Investors bet rise in US interest rate could come this month
Irish shares jump 2.4% to 14-month high on CRH results and spending pledge by Trump
The New York Stock Exchange. Market analysts said investor sentiment was underpinned, but not driven, by Mr Trump’s first address to Congress. Photograph: Reuters
Irish shares jumped 2.4 per cent on Wednesday to a 14-month high as investors globally moved out of bonds and into equities on bets that a US interest rate hike could come this March.
The Iseq index’s rise to 6,705.05 points was also driven by a strong set of full-year results from index heavyweight CRH and US president Donald Trump’s commitment in a speech on Tuesday evening (US time) to his $1 trillion infrastructure spending plan.
However, the wider markets took their cue from the president of the New York Federal Reserve, William Dudley, saying late on Tuesday that the case for raising interest rates had become “a lot more compelling”.
The Dow Jones Industrial Average in New York had gained 1.4 per cent to breach the 21,100-point level for the first time after European markets closed.
The Federal Reserve has only twice hiked interest rates since the onset of the financial crisis, in December 2015 and December 2016.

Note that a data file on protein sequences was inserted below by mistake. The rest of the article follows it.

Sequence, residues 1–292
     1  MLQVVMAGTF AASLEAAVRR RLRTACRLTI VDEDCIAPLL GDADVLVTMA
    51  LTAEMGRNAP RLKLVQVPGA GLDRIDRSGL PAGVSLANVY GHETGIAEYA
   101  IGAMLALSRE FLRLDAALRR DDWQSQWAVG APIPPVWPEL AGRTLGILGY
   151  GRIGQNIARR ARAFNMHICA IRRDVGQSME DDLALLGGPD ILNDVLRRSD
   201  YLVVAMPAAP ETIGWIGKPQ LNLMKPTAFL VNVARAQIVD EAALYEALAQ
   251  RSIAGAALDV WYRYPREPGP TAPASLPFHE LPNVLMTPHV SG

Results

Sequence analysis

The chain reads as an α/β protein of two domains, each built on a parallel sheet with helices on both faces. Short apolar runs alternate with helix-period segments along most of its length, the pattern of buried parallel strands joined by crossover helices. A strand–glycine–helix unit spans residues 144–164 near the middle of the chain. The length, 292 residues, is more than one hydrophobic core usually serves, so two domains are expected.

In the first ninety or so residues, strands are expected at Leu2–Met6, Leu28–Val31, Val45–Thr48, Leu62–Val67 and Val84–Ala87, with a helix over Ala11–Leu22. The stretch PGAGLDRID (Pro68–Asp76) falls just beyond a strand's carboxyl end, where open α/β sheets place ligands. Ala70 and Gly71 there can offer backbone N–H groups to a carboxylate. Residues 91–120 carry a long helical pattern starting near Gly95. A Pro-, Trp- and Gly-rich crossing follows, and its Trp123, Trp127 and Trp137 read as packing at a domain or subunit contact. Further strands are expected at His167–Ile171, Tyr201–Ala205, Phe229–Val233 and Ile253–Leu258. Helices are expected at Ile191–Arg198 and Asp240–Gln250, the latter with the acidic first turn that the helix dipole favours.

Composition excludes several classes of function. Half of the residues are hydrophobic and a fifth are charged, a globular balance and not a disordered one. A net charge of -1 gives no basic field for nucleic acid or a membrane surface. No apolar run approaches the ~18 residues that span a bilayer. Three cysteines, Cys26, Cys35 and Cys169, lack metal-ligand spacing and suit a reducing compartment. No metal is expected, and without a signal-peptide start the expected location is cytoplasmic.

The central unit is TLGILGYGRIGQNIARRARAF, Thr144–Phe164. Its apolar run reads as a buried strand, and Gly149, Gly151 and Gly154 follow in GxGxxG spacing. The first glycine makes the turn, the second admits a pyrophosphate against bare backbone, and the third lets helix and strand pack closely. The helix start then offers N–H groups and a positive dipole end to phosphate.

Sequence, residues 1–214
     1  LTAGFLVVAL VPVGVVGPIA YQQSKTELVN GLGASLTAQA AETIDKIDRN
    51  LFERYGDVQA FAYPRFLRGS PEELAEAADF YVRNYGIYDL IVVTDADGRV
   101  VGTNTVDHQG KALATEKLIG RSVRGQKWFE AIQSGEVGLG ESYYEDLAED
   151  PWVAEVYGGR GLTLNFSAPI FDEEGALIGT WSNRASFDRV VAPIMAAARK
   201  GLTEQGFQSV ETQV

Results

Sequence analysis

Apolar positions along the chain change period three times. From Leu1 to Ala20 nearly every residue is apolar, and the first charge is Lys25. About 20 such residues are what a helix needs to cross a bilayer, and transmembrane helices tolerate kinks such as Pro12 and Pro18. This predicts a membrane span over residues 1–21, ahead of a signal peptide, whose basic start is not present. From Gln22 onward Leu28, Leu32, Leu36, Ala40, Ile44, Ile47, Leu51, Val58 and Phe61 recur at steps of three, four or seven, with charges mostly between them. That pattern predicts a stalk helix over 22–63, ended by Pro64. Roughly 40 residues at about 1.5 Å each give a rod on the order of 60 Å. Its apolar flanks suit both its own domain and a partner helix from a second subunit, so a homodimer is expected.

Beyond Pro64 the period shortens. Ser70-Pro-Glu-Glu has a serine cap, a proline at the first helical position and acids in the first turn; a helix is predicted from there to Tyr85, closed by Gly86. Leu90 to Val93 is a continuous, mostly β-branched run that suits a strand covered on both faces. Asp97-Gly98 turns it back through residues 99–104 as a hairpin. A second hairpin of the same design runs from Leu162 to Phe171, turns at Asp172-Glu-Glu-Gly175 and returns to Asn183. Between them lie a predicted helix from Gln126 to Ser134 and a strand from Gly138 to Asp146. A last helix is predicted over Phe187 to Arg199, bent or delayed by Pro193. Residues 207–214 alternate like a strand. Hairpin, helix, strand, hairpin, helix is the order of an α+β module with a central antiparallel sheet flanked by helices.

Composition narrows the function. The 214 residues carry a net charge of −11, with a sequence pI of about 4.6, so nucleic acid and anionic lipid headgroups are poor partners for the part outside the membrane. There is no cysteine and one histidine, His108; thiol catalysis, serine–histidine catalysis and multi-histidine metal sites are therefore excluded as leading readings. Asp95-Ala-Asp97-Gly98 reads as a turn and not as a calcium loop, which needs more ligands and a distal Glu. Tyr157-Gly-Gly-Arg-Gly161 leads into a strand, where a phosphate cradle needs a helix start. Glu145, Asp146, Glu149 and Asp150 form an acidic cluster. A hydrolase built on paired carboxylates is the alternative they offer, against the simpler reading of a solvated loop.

The dollar rose by as much as 0.6 per cent to $1.0514 against the euro.
Financial market analysts said that investor sentiment was underpinned, but not driven, by Mr Trump using his first address to Congress to move from his recent rhetoric of carnage and conflict to strike a softer tone – even if he provided few new details on policy.
Ironic twistDonald TrumpDavid Lamb
Analysts at Citi said: “The general bipartisan tone of the event and the optimistic and cohesive nature of his comments has been cited [as] a positive.”
Meanwhile, the prospect of the European Central Bank easing back on its quantitative easing (QE) bond-buying programme may be drawing near after initial data from several German states suggested the country’s inflation rate rose by more than 2 per cent last month. The ECB targets inflation of just under 2 per cent across the euro zone.